Patient Support Volunteers putting feedback first to improve hospital care

14 November 2018

Patient Support Volunteers putting feedback first to improve hospital care
Listening to patients is an essential aspect of improving care. And getting high-quality feedback can make all the difference when it comes to making a good service great.

Over the last year, Imperial Health Charity has been working with the Trust’s Patient Advice and Liaison Service (PALS) to help gather this valuable information from patients.

Our team of 14 Patient Support Volunteers has built strong relationships with both patients and clinical staff in key areas, taking time to listen sensitively to their concerns and quickly resolve small issues.

This important feedback is then logged and stored by the PALS team to help them identify opportunities to improve care. This could include anything from providing different food options at meal times to resolving night-time noise issues.

“I think it is so important that we start those conversations with patients,” said June Parker, the PALS Service Manager at St Mary’s Hospital.

“Sometimes when we are very busy we can forget about the little acts of human kindness. Bringing volunteers in has had a massive impact. Often patients are that little bit more comfortable talking to a volunteer.”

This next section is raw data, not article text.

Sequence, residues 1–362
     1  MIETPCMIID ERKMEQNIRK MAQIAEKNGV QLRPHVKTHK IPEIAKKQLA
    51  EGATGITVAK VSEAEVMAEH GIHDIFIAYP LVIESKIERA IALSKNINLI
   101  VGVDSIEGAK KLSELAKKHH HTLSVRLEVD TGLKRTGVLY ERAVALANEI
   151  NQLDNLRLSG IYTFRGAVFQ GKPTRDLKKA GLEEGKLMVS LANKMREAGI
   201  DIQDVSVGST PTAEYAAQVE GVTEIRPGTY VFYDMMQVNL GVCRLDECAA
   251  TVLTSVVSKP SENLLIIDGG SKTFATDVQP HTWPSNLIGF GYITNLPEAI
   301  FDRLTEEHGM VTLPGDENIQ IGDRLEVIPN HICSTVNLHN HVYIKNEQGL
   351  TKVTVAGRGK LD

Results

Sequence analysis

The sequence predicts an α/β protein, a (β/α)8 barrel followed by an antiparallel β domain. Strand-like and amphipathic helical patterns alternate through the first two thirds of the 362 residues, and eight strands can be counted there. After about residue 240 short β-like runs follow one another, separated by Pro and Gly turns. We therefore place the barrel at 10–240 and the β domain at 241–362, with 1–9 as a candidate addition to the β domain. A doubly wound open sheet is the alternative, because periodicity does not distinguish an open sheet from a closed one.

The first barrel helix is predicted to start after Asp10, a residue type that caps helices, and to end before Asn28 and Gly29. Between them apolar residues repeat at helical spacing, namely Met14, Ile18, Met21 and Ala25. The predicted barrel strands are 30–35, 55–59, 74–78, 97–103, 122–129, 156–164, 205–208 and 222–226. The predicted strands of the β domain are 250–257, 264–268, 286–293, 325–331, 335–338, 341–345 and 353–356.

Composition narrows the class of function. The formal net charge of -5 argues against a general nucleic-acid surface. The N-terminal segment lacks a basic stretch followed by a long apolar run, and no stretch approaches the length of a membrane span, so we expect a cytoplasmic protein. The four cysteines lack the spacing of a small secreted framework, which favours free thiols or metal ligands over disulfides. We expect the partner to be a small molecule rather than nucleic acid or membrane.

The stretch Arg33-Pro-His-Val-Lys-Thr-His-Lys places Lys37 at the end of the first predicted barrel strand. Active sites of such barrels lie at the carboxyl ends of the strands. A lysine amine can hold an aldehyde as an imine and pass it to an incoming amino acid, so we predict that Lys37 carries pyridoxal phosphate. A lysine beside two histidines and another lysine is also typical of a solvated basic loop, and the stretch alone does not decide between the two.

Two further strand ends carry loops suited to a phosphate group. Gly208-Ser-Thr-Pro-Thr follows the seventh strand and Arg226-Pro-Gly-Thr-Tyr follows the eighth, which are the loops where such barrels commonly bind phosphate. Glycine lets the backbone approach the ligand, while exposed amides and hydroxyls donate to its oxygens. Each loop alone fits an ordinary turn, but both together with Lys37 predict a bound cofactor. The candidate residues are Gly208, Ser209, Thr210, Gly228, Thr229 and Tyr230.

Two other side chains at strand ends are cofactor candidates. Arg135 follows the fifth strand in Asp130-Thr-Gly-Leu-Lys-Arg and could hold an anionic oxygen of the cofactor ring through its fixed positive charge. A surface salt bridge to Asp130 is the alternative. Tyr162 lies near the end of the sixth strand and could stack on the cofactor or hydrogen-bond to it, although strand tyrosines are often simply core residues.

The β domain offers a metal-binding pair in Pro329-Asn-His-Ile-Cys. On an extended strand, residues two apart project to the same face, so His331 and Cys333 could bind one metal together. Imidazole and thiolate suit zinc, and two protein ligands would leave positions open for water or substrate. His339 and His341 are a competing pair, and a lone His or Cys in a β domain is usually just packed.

The project is the first time volunteers have been used to gather patient feedback at the Trust.

Launched at St Mary’s at the start of 2018, the role is set to be extended to Hammersmith Hospital next year.

June added: “We get brilliant feedback from our volunteers and I can use that feedback to see if there are any recurring themes that I can raise with members of staff.

“We are currently looking at making improvements to issues around food and night noise, and a lot of that is based on feedback we have had from volunteers.”

Bob Pols has been a Patient Support Volunteer at St Mary’s since the programme began.

Bob, who was presented with a Make a DIfference Volunteering Award for exemplifying the Trust’s collaborative value in his role, said: “I talk to patients about their care, their treatment and what they feel their outcomes are going to be, and this is quite a cathartic process for them.

“Personally I have also made a lot of new friends from all different backgrounds since I started at the beginning of the year, which has been very interesting.”

To find out more about volunteering opportunities in our hospitals, click here